Map Showing the extent of Surveys in the Territory of Utah.
1856 (dated) 34 x 16 in (86.36 x 40.64 cm)
1 : 300000
An important early map of Utah, this 1856 David Burr map highlights the eastern part of the Great Salt Lake and the vicinity. The map depicts the region from Hansel Spring Valley and the Cedar Mountains to the Wahsatch Mountains and from Malade Valley to Youab Valley. Mountain ranges, lakes, and smaller chains of hulls separate valleys throughout the region. These mountain ranges form the natural parries to the surveys accomplished by David Burr, then the Surveyor General of Utah, and his predecessors. These natural obstacles are the only areas not shown as having been surveyed, noted by the grid of the Public Land Survey System then in use in the United States. Cities, towns, and villages are identified as well, including Salt Lake City, Ogden, and Provo.
David Burr and UtahDavid Burr was dispatched to Utah in July 1855 with orders to execute an accurate survey of the Utah Territory. Upon his arrival, he was immediately suspected by the Mormon population of being a spy for the federal government. Mormons feared government officials, partly due to the murder of the church's founder Joseph Smith in 1847 and the persecution the church's members had faced in Missouri and Illinois. Burr had his mail intercepted and read by state officials and was threatened when the letters contained derogatory statements about the government in Utah. Members of his survey team had to work under guard, while another, Joseph Troskowlawski, was beaten so badly that he was nearly paralyzed. Preachers even evoked Burr and his fellow surveyors by name in their Sunday sermons. By 1857 Burr and his team had fled the territory and President Buchanan sent in federal troops. After a two year standoff in which there was not much fighting, the sides agreed to an end to the Utah War and a new territorial government was installed.
Publication HistoryThis map was created by David Burr and published as part of a Congressional Report in 1856.
David H. Burr (1803-1875) of one of the first and most important truly American cartographers and map publishers. Burr was born in Bridgeport Connecticut in August of 1803. In 1822 Burr moved to Kingsboro, New York to study law. A year and a half later he was admitted to the New York Bar association. Burr must have questioned his choice of careers because shortly after being admitted to the Bar, he joined the New York State Militia. Though largely untrained in the art of Surveying, Burr was assigned to work under Surveyor General of New York, Simeon De Witt, to survey several New York Roadways. Seeing a window of opportunity Burr was able to negotiate with the governor of New York at the time, De Witt Clinton, to obtain copies of other New York survey work in order to compile a map and Atlas of the state of New York. Recognizing the need for quality survey work of its territory, the government of New York heartily endorsed and financed Burr's efforts. The resulting 1829 Atlas of the State of New York was the second atlas of an individual U.S. State and one of the most important state atlases ever produced. Burr went on to issue other maps both of New York and of the United States in general. In cooperation with publishing firm of Illman & Pillbrow, he produced an important New Universal Atlas and, with J.H. Colton, several very important maps of New York City. In recognition of this work, Burr was appointed both "Topographer to the Post office" and "Geographer to the House of Representatives of the United States". Later, in 1855, Burr was assigned to the newly created position of Surveyor General to the state of Utah. Burr retired from the position and from cartographic work in general in 1857. (Ristow, W. W., American Maps and Mapmakers; Commercial Cartography in the Nineteenth Century, p. 103 - 108.)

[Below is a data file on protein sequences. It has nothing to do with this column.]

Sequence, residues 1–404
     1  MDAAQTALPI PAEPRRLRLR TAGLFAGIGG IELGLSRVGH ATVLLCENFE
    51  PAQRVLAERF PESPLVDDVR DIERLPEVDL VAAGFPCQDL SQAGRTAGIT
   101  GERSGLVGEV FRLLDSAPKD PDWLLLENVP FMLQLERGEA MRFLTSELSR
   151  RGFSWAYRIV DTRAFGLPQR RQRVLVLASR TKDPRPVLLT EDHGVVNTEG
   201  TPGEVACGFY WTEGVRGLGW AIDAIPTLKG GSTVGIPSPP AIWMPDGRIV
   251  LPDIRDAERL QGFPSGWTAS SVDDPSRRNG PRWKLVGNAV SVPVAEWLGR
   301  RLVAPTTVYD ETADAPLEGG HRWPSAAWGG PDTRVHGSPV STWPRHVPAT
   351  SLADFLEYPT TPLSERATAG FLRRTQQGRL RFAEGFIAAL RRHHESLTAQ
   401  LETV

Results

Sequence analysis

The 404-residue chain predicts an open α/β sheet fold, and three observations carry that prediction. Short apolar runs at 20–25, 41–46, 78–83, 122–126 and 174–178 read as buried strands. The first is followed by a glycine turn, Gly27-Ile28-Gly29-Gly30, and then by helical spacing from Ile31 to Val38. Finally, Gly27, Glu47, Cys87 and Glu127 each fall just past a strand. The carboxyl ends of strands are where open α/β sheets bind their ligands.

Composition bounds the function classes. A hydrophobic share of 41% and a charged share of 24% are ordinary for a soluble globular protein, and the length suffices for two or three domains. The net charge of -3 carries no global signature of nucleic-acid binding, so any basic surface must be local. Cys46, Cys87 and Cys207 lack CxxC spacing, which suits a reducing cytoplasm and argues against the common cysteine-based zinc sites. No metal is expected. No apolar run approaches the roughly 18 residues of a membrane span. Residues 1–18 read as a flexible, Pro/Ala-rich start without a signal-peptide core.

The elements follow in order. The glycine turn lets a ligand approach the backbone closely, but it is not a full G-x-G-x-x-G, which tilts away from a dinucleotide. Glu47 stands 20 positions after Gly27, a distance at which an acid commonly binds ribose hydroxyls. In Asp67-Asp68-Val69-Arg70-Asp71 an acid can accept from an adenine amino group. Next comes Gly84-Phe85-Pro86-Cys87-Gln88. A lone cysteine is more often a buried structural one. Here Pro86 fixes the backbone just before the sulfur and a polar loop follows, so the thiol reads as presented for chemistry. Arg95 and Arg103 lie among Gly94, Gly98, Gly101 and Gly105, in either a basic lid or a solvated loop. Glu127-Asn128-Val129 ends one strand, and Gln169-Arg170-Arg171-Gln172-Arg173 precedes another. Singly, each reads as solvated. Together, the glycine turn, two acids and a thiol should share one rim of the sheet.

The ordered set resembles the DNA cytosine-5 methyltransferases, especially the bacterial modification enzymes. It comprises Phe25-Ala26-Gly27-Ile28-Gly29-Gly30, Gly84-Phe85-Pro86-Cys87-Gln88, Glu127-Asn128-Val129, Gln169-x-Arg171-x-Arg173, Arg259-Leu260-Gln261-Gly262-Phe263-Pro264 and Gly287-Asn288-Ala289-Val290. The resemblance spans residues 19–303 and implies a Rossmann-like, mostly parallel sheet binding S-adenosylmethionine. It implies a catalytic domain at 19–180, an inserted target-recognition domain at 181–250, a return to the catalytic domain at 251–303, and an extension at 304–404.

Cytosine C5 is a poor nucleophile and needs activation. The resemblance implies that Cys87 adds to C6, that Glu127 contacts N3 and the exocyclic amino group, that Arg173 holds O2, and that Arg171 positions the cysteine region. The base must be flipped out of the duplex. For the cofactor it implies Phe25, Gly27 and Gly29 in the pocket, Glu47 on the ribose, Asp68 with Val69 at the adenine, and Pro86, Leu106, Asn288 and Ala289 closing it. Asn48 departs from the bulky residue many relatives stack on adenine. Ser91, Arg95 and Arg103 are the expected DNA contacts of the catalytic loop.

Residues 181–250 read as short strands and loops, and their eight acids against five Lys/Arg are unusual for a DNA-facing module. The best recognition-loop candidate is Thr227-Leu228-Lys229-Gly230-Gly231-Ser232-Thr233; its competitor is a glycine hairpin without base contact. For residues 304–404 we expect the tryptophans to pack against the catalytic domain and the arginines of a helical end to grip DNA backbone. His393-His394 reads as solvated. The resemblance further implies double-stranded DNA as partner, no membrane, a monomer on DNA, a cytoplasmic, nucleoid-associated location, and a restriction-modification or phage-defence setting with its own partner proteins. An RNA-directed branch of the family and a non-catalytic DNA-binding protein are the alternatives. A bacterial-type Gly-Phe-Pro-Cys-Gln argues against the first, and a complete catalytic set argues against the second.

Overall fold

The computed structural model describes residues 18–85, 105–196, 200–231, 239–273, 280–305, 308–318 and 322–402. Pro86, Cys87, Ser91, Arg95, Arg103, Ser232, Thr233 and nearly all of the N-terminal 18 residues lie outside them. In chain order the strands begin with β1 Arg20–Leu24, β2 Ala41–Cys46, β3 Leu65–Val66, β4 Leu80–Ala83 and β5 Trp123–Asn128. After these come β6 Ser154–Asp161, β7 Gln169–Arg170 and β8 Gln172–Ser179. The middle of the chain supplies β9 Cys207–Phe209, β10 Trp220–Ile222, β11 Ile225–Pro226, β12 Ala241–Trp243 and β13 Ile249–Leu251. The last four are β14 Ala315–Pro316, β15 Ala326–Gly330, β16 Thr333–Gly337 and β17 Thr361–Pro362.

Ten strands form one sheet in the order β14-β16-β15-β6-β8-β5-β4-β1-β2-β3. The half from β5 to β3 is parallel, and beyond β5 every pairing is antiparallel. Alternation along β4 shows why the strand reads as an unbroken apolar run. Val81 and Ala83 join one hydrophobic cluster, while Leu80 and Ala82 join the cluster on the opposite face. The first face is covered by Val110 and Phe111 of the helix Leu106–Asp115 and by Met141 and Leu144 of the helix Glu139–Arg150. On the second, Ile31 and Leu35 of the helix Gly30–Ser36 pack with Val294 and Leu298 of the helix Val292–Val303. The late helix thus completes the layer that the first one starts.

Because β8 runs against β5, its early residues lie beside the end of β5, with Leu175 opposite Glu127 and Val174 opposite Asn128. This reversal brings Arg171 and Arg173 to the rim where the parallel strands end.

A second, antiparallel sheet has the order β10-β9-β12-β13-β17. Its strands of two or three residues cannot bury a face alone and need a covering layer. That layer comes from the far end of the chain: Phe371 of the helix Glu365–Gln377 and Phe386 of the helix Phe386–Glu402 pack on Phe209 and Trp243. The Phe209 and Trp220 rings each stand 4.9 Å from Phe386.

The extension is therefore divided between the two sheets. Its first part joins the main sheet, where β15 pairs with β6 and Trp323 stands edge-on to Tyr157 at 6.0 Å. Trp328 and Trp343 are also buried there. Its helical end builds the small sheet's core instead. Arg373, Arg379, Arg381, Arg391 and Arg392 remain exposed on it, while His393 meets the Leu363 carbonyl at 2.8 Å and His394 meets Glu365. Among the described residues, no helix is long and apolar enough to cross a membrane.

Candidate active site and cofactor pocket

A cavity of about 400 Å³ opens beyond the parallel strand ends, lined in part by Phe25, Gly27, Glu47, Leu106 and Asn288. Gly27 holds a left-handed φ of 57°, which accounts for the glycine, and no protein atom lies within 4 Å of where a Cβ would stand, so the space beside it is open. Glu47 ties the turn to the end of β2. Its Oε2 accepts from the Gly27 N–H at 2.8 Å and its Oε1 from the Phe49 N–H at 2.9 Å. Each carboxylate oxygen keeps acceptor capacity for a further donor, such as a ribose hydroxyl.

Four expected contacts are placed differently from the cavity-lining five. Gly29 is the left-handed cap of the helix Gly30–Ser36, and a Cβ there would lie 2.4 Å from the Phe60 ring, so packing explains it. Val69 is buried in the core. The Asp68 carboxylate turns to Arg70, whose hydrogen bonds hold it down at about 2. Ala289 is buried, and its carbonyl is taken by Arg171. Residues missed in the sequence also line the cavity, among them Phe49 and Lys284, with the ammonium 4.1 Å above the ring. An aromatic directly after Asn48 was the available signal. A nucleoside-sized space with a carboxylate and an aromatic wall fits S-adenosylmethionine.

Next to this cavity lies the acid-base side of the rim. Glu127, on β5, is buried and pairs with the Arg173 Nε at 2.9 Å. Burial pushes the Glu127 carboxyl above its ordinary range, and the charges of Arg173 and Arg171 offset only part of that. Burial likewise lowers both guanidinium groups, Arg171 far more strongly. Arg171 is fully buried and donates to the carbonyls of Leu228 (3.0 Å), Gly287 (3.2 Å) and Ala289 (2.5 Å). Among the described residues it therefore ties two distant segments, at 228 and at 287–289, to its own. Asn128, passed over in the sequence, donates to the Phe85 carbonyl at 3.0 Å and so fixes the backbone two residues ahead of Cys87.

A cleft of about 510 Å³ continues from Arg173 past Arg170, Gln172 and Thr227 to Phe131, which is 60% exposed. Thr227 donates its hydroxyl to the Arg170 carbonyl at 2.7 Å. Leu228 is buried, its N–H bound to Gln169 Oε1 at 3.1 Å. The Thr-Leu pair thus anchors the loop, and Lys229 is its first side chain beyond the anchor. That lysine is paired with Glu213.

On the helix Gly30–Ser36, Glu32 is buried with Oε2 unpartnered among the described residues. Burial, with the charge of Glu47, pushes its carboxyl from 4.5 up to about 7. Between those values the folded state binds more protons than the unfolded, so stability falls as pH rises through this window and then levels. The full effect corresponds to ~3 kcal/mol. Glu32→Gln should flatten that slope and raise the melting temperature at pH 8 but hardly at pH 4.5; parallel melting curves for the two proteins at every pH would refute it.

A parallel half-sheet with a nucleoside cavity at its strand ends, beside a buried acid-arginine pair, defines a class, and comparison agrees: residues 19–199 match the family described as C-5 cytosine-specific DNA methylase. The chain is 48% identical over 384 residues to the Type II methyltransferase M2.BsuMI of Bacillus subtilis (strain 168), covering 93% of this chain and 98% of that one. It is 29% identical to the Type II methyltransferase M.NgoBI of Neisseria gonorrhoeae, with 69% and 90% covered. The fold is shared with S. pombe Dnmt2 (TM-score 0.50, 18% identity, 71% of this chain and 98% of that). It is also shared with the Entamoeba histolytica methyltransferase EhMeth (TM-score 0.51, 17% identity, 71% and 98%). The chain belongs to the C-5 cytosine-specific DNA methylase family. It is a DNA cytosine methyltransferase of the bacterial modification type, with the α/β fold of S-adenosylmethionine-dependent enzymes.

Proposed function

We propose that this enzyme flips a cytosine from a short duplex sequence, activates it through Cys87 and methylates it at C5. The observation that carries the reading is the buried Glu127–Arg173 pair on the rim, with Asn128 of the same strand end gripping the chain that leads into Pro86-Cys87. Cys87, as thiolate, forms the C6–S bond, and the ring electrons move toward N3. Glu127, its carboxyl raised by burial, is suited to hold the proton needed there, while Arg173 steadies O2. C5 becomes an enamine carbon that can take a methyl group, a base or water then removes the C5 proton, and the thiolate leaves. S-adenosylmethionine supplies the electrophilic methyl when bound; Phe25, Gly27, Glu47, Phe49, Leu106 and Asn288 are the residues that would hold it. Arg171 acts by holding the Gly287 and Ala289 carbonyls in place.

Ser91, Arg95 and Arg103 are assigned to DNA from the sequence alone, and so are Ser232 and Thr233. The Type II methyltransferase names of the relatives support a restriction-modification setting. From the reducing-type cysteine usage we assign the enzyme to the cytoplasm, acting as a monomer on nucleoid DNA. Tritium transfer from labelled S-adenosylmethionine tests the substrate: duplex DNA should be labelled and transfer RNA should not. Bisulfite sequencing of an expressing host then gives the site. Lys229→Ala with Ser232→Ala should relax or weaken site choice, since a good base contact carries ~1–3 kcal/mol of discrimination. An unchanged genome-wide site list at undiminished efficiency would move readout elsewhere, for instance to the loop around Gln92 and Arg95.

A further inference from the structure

Peter Stephen Duval (1804/5 - 1886) was a prominent Philadelphia lithographer. He immigrated to Philadelphia from France in 1831 to take a job as a lithographer at the Philadelphia firm owned by Cephas Childs. In 1837, Childs retired and Duval took over the business. Over the course of the next thirty years, Duval would have several business partners and in 1857 his son Steven C. Duval joined the business. Peter Duval retired in 1869 but continued to be involved in his company until his death in 1886.
Good. Backed on archival tissue for stability. Closed tear extending 11 inches from left margin into printed area professionally repaired on verso. Tight left margin. Toning and soiling along original fold linesBlank on verso.